Ze plane! Ze plane! OK, there’s no Tattoo, but the mysterious Mr. Roarke is still offering select guests a rare opportunity to make their dreams come true in Sony Pictures’ big-screen reboot of Fantasy Island, based on the popular TV series of the same name that ran from 1977-1984. This 21st-century update plays up the horror aspects and is being touted as a cross between Westworld and The Cabin in the Woods—perhaps with a little bit of Lost thrown in for good measure.
Fantasy Island was always kind of a terrific storytelling concept, despite its cheesier elements. Apparently, creator Aaron Spelling pitched the series to ABC executives as a joke after they’d rejected all his other ideas—and the network loved the idea. The ultra-urbane Ricardo Montalban played the dashing Mr. Roarke, proprietor of the titular island, providing guests the chance to live out their fantasies for a suitable price. He was aided by his trusty sidekick Tattoo (Hervé Villechaize). Every episode opened with Tattoo shouting the catchphrase, “Ze plane! Ze plane!” and ringing a bell in the island’s main tower as guests arrived.
There were usually two to three subplots per episode, focusing on the different fantasies of specific guests, who inevitably found things did not play out quite the way they’d imagined. And while the rules of engagement held that guests must see their fantasies through to the end, no matter what, Mr. Roarke always intervened if things got too dangerous. The series had certain supernatural elements (time travel was common, and ghosts, genies, and the devil himself made appearances), particularly in later seasons, with hints that Mr. Roarke was quite possibly immortal. Spelling has never revealed anything about the character, but Montalban later admitted that he viewed Mr. Roarke as a fallen angel presiding over an island purgatory. That would explain his fondness for moralizing and teaching guests a valuable lesson by fulfilling their fantasies in unexpected ways.
An attempted revival of the series in 1988 leaned even harder into the supernatural aspects. It starred Malcolm McDowell as Mr. Roarke, aided by a female shapeshifter named Ariel (Mädchen Amick) and his adoptive daughter Miranda—obvious allusions to Shakespeare’s The Tempest. Fantasy Island was presented as a kind of limbo and a source for Mr. Roarke’s supernatural powers, while the many assistants worked there to pay off some unnamed debt. That reboot bombed and was mercifully canceled midseason.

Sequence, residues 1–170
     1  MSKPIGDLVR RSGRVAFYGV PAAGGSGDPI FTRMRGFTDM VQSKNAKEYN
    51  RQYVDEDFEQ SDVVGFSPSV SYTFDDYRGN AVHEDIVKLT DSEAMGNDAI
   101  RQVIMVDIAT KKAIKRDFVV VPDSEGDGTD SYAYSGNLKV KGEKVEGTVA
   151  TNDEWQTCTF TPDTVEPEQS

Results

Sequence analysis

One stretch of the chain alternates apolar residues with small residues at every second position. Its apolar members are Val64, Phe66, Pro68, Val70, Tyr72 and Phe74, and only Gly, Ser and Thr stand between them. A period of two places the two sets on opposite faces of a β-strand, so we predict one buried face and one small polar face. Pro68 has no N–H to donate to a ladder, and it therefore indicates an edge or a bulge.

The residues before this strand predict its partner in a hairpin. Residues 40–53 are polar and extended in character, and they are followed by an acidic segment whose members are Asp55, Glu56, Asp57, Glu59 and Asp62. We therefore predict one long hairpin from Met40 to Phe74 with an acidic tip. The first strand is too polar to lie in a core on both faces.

This latest reboot seems to preserve much of the original premise—with a twist. Per the official synopsis: “The enigmatic Mr. Roarke (Michael Peña), makes the secret dreams of his lucky guests come true at a luxurious but remote tropical resort. But when the fantasies turn into nightmares, the guests have to solve the island’s mystery in order to escape with their lives.” Maybe there are shades of The Most Dangerous Game here as well. The tagline is “You deserve it,” so the moralizing aspect is probably intact, too.
The trailer opens, per tradition, with guests arriving via plane to the island and being greeted by an as-yet-unnamed host, played by Parisa Fitz-Henley (best known as Luke Cage’s deceased wife in Netflix’s Defenders series). “Here, anything and everything is possible,” she tells the guests, although it doesn’t take long for Melanie (Lucy Hale) to complain about the lack of cell phone service. She’s also convinced that the “fantasies” are created using realistic holograms, “like Tupac.”
Roarke greets his guests and outlines the rules: “There is only one fantasy per guest, and you must see your fantasy through. No matter what.”
One of the guests, played by Maggie Q, is a grieving mother longing to be reunited with her dead daughter—and it seems Roarke has indeed managed to bring the little girl back to life, or something so like her, her own mother can’t tell the difference. Another guest seems to find himself in a soldier-of-fortune/military-type fantasy. But it’s Melanie’s fantasy that is the main focus here: taking revenge on the girl who bullied her in school. She finds herself in a dungeon with said bully tied to a chair, ready for torture, but soon realizes it is not a hologram. That’s really the girl who bullied her, and there’s a creepy masked Surgeon (Ian Roberts) standing by to inflict unspeakable torments.
It’s the ultimate fulfillment of the adage “Be careful what you wish for.” As one male guest complains, “The island’s twisting what we asked for.” And our grieving mother notes, “We weren’t brought here to have our own fantasies. We were brought here to be a part of something else.” Forget about escaping the island by plane: we see it explode in mid-air upon approach. Who will solve the puzzle and make it off alive?
Fantasy Island hits theaters on February 14, 2020.
Listing image by YouTube/Sony Pictures